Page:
Harry took fashion cues from no one. His signature every day look was all his: a plain pocketed T-shirt designed by the fashion house Fruit of the Loom, his black-label elastic waist shorts worn above the navel and sold exclusively at the Sam's on Highway 49, and a pair of old school Wallabees (who can even remember where he got those?) that were always paired with a grass-stained MSU baseball cap.

He despised phonies, his 1969 Volvo (which he also loved), know-it-all Yankees, Southerners who used the words "veranda" and "porte cochere" to put on airs, eating grape leaves, Law and Order (all franchises), cats, and Martha Stewart. In reverse order. He particularly hated Day Light Saving Time, which he referred to as The Devil's Time. It is not lost on his family that he died the very day that he would have had to spring his clock forward. This can only be viewed as his final protest.

Because of his irrational fear that his family would throw him a golf-themed funeral despite his hatred for the sport, his family will hold a private, family only service free of any type of "theme." 

Finally, the family asks that in honor of Harry that you write your Congressman and ask for the repeal of Day Light Saving Time. Harry wanted everyone to get back on the Lord's Time. 


Jane Catherine Lotter

July 18, 2013

One of the few advantages of dying from Grade 3, Stage IIIC endometrial cancer, recurrent and metastasized to the liver and abdomen, is that you have time to write your own obituary. (The other advantages are no longer bothering with sunscreen and no longer worrying about your cholesterol.)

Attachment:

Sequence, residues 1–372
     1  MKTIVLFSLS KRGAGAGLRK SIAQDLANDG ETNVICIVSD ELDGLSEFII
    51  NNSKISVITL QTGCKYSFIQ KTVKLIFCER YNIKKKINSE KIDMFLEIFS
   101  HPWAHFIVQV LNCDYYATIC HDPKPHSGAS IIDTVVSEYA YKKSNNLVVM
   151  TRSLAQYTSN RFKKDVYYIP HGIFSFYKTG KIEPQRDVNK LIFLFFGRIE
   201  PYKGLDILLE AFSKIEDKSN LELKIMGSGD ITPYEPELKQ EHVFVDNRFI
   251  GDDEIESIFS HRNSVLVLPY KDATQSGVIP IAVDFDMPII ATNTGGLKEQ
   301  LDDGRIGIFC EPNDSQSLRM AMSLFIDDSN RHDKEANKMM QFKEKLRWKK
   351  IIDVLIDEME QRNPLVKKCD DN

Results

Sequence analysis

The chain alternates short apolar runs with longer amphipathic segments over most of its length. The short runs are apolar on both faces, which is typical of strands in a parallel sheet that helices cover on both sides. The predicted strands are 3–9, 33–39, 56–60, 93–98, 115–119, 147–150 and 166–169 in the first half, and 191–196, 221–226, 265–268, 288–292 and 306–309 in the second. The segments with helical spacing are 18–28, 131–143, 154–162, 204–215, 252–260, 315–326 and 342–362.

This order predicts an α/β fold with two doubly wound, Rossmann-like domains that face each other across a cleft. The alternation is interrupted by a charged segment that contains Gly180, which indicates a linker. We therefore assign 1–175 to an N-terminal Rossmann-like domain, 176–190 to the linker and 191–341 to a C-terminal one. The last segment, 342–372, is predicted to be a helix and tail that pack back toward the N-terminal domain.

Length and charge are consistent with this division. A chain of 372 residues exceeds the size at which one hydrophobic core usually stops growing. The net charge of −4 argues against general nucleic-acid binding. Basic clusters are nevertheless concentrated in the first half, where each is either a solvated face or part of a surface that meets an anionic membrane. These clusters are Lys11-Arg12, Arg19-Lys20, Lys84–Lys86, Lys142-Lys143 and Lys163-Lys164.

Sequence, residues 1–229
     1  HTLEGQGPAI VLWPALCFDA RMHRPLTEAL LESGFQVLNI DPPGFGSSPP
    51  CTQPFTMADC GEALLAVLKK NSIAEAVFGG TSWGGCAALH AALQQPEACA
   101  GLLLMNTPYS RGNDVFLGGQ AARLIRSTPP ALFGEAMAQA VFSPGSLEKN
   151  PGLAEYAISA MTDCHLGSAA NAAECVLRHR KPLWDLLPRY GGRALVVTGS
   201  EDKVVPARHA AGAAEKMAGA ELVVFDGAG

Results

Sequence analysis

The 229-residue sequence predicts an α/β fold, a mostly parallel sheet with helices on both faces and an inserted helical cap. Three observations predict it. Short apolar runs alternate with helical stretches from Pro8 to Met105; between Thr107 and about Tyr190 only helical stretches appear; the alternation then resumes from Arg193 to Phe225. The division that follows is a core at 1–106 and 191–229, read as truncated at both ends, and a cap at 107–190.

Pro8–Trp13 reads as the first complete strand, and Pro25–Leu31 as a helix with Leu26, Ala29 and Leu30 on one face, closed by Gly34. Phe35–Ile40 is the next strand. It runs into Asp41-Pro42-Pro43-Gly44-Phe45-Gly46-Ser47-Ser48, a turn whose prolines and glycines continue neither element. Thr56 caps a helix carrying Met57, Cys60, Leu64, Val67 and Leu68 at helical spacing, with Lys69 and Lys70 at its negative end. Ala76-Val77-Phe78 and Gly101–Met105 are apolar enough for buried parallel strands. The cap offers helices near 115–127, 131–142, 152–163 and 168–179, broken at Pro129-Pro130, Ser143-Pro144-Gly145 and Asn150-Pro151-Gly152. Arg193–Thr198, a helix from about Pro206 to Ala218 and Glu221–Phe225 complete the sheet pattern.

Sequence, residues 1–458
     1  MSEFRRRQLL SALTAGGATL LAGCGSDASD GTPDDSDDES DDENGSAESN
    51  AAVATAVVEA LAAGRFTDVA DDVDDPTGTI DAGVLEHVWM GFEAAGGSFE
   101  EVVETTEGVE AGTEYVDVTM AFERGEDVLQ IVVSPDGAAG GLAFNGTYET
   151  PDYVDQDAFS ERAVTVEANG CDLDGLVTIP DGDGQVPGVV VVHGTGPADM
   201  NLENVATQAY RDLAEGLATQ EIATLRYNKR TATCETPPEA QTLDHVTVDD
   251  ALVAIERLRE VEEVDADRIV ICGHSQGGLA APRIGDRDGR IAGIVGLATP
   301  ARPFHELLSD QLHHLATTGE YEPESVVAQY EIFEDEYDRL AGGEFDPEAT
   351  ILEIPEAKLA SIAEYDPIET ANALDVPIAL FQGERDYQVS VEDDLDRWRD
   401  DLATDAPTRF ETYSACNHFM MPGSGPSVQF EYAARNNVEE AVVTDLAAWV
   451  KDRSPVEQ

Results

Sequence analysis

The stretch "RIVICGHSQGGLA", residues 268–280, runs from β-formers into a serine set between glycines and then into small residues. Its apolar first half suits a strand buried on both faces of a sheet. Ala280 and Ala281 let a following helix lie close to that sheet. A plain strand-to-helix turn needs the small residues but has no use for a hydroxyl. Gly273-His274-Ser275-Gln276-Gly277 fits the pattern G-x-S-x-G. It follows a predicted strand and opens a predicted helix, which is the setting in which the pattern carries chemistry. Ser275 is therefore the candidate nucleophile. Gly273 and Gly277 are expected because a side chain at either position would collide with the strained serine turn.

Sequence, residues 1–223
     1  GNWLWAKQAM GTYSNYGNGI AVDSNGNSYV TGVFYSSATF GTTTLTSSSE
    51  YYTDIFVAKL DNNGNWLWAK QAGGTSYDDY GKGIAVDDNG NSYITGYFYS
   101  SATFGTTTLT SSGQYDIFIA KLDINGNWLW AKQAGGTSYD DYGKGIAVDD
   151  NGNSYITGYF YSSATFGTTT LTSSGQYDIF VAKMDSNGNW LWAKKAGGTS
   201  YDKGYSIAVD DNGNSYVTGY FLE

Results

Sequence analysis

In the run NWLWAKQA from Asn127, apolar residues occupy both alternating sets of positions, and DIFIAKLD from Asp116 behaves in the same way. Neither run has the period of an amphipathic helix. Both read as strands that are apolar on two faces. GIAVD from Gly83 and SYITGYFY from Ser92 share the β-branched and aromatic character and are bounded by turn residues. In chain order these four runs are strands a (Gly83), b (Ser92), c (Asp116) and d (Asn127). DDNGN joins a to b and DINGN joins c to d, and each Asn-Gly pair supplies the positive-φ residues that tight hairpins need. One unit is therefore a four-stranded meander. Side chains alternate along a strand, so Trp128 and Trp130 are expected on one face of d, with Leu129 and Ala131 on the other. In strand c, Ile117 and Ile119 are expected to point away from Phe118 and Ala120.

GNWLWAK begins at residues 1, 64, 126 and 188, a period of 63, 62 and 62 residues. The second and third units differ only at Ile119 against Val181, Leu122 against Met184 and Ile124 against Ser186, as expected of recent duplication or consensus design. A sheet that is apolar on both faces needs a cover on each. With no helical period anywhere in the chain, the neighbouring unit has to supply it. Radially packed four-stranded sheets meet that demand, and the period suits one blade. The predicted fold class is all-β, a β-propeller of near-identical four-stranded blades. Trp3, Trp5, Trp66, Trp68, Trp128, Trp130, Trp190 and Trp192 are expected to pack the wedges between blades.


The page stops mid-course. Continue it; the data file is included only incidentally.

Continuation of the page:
I would demonstrate my keen sense of humor by telling a few jokes here, but the Times charges for these listings by the column inch and we must move on.

I met Bob Marts at the Central Tavern in Pioneer Square on November 22, 1975, which was the luckiest night of my life.

I believe we are each of us connected to every person and everything on this Earth, that we are in fact one divine organism having an infinite spiritual existence. Of course, we may not always comprehend that. And really, that's a discussion for another time. So let's cut to the chase:

At any rate, I am at peace. And on that upbeat note, I take my mortal leave of this rollicking, revolving world-this sun, that moon, that walk around Green Lake, that stroll through the Pike Place Market, the memory of a child's hand in mine.

Beautiful day, happy to have been here.

XOXO, Jane/Mom

Walter George Bruhl, Jr. 
Sunday, March 9, 2014